The surname of GROCOTT was derived from the Old French word 'grue' an occupational name 'one who looked after the crane's, a long legged bird'. The name was brought to England in the wake of the Norman Conquest of 1066. The names introduced into Britain by the Normans during and in the wake of the Invasion of 1066, are nearly all territorial in origin. The followers of William the Conqueror were a pretty mixed lot, and while some of them brought the names of their castles and villages in Normandy with them, many were adventurers of different nationalities attached to William's standard by the hope of plunder, and possessing no family or territorial names of their own. Those of them who acquired lands in England were called by their manors, while others took the name of the offices they held or the military titles given to them, and sometimes, a younger son of a Norman landowner, on receiving a grant of land in his new home dropped his paternal name and adopted that of his newly acquired property. Early records of the name mention Roger le Grue who was recorded in the year 1230 in County Somerset and Gerard le Grue was documented in 1246 in County Yorkshire. Margeria Groucok was recorded in 1275, County Surrey, and William Grucock was mentioned in 1312. Johannes Grewe of Yorkshire, was listed in the Yorkshire Poll Tax of 1379. An interesting document states that Henry III in the year 1250, spent his Christmas at York. In the expenditure for that visit appears the provision of 7000 fowls, 1750 partridges, 125 swans and 115 grues. The bulk of European surnames in countries such as England and France were formed in the 13th and 14th centuries. The process started earlier and continued in some places into the 19th century, but the norm is that in the 11th century people did not have surnames, whereas by the 15th century they did.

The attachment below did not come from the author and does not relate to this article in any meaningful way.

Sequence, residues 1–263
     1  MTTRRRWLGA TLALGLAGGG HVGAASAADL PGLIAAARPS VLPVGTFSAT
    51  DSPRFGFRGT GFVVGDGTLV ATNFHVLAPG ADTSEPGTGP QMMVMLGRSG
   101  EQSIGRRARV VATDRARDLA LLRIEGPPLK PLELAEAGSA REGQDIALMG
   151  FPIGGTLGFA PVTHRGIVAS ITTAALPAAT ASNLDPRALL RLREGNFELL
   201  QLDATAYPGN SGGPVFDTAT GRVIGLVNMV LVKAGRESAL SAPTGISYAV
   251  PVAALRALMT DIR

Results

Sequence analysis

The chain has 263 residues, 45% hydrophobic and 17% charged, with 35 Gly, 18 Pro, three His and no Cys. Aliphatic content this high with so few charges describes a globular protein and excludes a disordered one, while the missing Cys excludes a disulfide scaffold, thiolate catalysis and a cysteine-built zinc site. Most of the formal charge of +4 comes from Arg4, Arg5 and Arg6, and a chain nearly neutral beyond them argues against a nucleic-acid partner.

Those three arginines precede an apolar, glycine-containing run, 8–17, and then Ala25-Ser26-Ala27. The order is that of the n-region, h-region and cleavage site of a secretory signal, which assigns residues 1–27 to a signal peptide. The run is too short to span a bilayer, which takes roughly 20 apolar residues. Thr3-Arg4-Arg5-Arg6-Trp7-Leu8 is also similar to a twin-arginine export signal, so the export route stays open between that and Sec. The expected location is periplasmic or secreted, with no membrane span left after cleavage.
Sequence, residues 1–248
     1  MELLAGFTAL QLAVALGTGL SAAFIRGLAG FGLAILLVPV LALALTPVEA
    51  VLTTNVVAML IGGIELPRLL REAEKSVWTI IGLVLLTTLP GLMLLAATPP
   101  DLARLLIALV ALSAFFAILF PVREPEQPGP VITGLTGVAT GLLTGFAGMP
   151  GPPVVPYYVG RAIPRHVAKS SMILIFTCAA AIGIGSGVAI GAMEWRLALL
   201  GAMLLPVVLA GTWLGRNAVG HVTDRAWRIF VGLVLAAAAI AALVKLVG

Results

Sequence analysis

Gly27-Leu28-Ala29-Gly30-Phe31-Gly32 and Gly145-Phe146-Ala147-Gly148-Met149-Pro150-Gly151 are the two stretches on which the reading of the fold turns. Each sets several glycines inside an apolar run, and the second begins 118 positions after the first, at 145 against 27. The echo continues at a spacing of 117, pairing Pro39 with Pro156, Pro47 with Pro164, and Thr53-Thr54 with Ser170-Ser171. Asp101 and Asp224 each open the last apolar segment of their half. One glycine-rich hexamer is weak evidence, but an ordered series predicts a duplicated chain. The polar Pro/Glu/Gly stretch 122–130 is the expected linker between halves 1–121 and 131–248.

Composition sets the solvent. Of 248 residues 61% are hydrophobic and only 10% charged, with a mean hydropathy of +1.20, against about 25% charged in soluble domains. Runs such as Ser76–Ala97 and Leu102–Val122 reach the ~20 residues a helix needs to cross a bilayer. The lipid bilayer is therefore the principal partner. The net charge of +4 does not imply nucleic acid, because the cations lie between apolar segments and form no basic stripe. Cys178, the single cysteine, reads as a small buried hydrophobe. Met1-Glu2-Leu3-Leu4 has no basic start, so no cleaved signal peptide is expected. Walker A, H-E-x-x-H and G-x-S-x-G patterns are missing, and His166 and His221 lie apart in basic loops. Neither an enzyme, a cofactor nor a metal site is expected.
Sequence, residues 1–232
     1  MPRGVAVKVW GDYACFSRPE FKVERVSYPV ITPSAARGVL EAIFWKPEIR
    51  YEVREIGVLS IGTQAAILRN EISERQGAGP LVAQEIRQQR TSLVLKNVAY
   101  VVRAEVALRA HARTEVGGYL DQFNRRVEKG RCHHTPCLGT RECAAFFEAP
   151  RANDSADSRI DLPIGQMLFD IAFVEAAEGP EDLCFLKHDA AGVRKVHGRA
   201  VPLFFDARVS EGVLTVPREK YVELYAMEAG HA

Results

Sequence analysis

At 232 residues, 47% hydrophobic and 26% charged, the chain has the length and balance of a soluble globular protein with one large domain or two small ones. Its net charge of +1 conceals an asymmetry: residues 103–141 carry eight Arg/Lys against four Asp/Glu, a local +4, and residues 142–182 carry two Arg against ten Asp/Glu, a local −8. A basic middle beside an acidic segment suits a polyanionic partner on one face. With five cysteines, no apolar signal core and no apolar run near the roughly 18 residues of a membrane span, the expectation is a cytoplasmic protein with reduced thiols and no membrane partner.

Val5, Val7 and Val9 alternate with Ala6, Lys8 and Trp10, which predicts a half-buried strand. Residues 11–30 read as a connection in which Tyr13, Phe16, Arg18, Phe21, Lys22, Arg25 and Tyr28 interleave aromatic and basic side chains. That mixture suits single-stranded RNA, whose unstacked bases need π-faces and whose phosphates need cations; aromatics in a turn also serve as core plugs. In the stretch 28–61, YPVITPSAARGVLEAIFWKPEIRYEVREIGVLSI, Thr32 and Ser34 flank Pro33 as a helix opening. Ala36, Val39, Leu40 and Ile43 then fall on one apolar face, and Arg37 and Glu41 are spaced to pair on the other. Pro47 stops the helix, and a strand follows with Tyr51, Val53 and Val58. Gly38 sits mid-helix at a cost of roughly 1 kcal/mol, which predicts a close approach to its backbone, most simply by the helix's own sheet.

The associated arms are recorded in Rietstaps Armorial General. (Grue). It has long been a matter of doubt when the bearing of coats of arms first became hereditary and it was not until the Crusades that Heraldry came into general use. Men went into battle heavily armed and were difficult to recognise. It became the custom for them to adorn their helmets with distinctive crests, and to paint their shields with animals and the like. Coats of arms accompanied the development of surnames, becoming hereditary in the same way.
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